Rimbaud was also notorious for saying, in the same letter that is excerpted above, that “‘I’ is somebody else,” recognizing a shift in the subject of poetry. He believed not only the possibility of observing one’s own thought, but that poetry didn’t have to be written from one’s individual viewpoint. A powerful analytical tool for beginners just starting to read poetry is to ask the question “Who is the speaker in this poem? What attitudes and assumptions do they hold?” To assume that the poem is always written in the voice of the poet is to miss an entire world of significance and possibility as many poets write in more voices and with more subtlety than the mere expression of individual feelings or the exclusivity of their personal interior worlds.
Of course, Rimbaud was also part of the Decadent movement, which --- in typical teenage style --- flouted the conventions of society in a “deliberate derangement of all the senses.” This involved substance abuse --- absinthe and opiates were the choice drugs of the day --- sexual experimentation and intentional disregard of social convention. It was the sex, drugs, and rock ‘n roll of the 1870s. This is why it is no surprise that Rimbaud still holds a fascination for contemporary teenagers, or that he has inspired so many of our contemporary decadent artists, writers, and musicians --- among them, Patti Smith, Bob Dylan, Allen Ginsberg, and Jim Morrison.
One of the brilliant coups of Radiant Days is Elizabeth Hand’s intentional juxtaposition of Rimbaud with the punk rock scene of 1970s Washington, D.C. And she has a very good point here. In terms of flouting social convention and the rampant artistic and social experimentation, punk rock is a very good fit for the revolutionary decadents. With statements like “People want poetry to be a nursemaid, I want to be a murderer and a thief. Art should be… ugly, and hurt so you can feel it. That's what makes it powerful” (p 105), Rimbaud is right at home with the punk scene. Even Merle, struggling to find a place for herself in a world where she feels she does not fit, is able to see the beauty in what most would view as ugly: "I begin to see how surreal a stoplight was,” she narrates, “strobing from amber to red to green. Plastic bottles, the acid-green wrapper from a bag of potato chips, a broken syringe --- all those things are strange and even beautiful, if you look at them long enough." (p 93) By juxtaposing Rimbaud’s vision of the aurora borealis with street lights and syringes, Hand is able to communicate not just the significance of Rimbaud’s poetry in our world, but also the ways in which this decadent vision can transmute ordinary objects into the sublime: a beauty and interconnectedness beyond the detached and framed landscapes with which we are often asked to view the “natural” world.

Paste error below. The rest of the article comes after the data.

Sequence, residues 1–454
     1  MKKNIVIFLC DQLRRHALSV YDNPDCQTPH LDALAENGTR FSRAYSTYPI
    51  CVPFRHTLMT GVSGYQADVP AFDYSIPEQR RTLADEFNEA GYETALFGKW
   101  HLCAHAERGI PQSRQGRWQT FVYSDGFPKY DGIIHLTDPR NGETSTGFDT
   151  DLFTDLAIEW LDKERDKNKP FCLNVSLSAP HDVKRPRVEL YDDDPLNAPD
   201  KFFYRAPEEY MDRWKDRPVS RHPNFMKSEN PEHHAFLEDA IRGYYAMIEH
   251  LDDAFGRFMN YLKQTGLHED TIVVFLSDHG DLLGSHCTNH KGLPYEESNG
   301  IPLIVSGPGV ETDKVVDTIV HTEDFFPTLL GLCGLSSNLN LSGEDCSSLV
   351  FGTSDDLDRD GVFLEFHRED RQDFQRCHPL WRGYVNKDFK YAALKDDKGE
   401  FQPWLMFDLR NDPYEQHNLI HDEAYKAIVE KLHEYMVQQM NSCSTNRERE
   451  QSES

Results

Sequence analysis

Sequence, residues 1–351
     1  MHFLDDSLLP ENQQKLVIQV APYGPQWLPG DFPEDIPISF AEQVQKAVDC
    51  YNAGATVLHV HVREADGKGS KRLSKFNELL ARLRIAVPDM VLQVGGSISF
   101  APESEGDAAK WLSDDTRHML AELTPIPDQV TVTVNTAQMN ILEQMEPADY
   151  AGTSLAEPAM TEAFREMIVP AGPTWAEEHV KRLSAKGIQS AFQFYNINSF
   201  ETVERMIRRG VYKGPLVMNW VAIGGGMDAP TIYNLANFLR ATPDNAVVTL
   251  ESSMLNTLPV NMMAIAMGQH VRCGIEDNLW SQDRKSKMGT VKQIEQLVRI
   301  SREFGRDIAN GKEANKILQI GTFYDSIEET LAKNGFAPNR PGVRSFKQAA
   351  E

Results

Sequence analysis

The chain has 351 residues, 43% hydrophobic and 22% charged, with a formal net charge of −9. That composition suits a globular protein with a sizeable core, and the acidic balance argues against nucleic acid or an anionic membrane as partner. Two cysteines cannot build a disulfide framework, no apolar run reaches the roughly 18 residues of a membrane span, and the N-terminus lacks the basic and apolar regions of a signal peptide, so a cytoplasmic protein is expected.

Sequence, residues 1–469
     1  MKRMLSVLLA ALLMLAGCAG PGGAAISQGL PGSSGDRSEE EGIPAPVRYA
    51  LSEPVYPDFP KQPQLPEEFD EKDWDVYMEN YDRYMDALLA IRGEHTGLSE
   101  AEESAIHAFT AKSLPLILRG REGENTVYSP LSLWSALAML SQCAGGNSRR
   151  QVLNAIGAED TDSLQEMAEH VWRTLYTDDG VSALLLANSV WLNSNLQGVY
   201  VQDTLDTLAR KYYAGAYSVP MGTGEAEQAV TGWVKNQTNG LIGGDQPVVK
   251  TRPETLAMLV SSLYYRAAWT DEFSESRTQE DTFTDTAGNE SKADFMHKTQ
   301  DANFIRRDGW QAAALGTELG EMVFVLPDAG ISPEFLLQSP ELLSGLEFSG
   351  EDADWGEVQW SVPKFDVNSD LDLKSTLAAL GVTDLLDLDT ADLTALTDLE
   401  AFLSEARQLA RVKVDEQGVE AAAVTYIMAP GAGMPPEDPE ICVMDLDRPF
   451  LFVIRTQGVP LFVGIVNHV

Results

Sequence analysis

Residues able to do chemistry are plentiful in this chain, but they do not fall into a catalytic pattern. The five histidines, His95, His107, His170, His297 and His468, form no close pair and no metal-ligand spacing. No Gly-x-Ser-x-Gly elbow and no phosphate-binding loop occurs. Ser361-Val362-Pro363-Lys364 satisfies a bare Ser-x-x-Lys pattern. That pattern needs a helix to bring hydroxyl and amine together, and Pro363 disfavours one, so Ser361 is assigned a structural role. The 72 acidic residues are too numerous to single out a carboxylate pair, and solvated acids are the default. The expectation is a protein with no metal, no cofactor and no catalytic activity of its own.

I’m not a big fan of time-travel novels, so I picked up Radiant Days with some reservations. But what I enjoyed about the conceit is the sense that literature allows us to travel through time. Voices long dead live again when we read them. Merle has no idea that this strange young man is the legendary Rimbaud, as she’s never heard of him. In the same way, we as readers --- especially young ones --- often encounter the works of the past as something entirely fresh and present, as though they have literally stepped out of their world into our own. Without context or the baggage of history, these works are made new again as though we have just met a new friend whose worldview reflects our own. This is a powerful experience, and one that has always made literature so compelling for me. It connects not just a fictional painter with a long-dead poet, but the readers who are turning the pages of the book.